September 22, 2009
A greener and stronger concrete? Maybe in the future, but one company is having a hard time fighting the construction industry to accept the new product called metakaolin. According to the company, metakaolin is more durable than regular Portland cement, cheaper and reduces greenhouse-gas emissions.
EllisDon has already been sold on the product for one of their projects.
Does the construction industry have a case against metakaolin, or is this much similar to Hank Rearden’s metal alloy (Rearden Metal) in Ayn Rand’s Atlas Shrugged? Read the below excerpt from an article in the Globe and Mail:
A Canadian company is building a case for a greener, stronger concrete but is fighting resistance in the construction industry.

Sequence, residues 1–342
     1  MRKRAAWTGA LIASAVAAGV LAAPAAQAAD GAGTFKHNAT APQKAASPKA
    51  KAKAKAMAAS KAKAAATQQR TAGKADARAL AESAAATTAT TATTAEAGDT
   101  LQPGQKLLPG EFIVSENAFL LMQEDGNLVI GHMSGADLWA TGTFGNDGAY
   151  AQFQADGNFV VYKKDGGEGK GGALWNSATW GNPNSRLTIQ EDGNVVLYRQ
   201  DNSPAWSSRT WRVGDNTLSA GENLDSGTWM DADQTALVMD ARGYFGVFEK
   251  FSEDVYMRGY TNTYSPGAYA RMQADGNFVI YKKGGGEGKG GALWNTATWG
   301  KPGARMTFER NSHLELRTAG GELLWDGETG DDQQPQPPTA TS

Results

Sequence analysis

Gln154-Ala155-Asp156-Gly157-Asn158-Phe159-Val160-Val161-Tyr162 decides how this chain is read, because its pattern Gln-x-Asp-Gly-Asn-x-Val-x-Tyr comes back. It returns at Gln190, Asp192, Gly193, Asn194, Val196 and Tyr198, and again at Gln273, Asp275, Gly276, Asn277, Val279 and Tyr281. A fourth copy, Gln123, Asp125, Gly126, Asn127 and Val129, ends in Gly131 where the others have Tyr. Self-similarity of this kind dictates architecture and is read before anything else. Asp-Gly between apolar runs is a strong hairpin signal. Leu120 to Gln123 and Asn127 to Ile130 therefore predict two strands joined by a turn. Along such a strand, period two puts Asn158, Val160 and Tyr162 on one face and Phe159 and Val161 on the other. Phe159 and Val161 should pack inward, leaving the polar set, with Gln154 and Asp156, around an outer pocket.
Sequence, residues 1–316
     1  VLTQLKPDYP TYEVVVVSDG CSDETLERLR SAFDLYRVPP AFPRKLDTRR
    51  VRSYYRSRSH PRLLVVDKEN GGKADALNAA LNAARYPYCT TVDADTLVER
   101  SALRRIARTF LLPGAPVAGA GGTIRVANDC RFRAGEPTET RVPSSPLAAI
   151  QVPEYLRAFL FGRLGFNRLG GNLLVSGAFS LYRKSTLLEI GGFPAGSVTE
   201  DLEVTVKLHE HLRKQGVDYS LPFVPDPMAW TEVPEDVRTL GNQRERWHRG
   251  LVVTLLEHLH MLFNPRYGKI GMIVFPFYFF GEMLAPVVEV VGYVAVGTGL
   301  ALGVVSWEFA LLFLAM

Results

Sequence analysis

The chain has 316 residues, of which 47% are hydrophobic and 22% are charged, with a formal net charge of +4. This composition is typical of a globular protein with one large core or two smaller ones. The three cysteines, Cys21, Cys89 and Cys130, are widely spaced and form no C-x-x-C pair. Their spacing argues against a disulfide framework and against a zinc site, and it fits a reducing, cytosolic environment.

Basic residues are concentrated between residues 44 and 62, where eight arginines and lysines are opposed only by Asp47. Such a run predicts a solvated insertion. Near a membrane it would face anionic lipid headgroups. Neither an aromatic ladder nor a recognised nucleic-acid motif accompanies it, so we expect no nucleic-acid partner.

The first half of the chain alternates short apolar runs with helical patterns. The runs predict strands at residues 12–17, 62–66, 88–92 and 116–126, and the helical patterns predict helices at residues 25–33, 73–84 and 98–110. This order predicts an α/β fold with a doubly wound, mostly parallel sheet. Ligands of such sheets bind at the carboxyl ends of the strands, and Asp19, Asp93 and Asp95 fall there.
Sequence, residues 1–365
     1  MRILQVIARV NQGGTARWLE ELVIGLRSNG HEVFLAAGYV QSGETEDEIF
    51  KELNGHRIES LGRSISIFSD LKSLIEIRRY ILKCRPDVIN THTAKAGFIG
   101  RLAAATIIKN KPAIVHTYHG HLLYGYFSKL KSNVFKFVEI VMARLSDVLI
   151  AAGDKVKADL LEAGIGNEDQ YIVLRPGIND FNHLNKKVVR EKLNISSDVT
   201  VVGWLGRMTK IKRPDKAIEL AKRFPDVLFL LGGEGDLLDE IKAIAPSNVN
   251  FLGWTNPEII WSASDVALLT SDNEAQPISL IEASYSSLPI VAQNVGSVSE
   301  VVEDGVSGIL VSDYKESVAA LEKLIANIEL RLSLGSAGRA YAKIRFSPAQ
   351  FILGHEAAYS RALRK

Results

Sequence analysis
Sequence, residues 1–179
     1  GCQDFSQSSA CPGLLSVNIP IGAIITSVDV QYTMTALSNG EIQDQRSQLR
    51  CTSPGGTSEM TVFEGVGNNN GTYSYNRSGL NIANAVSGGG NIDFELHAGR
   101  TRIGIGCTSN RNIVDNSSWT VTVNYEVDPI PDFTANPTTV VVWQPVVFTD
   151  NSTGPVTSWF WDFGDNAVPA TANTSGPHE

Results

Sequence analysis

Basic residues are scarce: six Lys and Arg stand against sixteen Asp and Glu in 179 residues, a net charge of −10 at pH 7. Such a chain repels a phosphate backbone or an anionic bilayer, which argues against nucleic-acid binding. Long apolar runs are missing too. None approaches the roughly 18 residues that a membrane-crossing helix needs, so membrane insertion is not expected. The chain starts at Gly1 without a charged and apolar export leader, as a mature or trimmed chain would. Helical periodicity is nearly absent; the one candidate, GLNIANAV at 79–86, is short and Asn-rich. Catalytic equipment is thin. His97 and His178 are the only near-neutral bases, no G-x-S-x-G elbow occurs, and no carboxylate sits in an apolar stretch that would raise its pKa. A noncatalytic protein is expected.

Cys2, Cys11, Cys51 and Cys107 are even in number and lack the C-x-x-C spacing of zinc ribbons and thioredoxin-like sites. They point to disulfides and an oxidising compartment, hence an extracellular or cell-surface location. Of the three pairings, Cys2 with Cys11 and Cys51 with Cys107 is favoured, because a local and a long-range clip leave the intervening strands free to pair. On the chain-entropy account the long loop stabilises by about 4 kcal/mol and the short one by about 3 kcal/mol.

“The cement and the concrete industry is enormous worldwide. … And they do things a certain way and they have done those things that way for years and years and years,” says Barry Lester, chairman of Whitemud Resources Inc., which mines kaolin, a white-coloured clay, in southern Saskatchewan and turns it into metakaolin, which is used as a supplement to cement.
Whitemud says metakaolin is more durable than regular Portland cement, or any of the other widely used supplementary cement materials, and it is bringing it to market cheaper than previous suppliers.
It reduces greenhouse-gas emissions, saves time and money on the construction site and will make buildings and other construction projects last 100 years instead of 50 or 60, says Whitemud, which is based in Calgary.
“The only downside to metakaolin is inertia in the industry,” adds Mr. Lester, who helped to lead the engineering team for the Confederation Bridge, which links Prince Edward Island to the mainland.
Who is John Galt?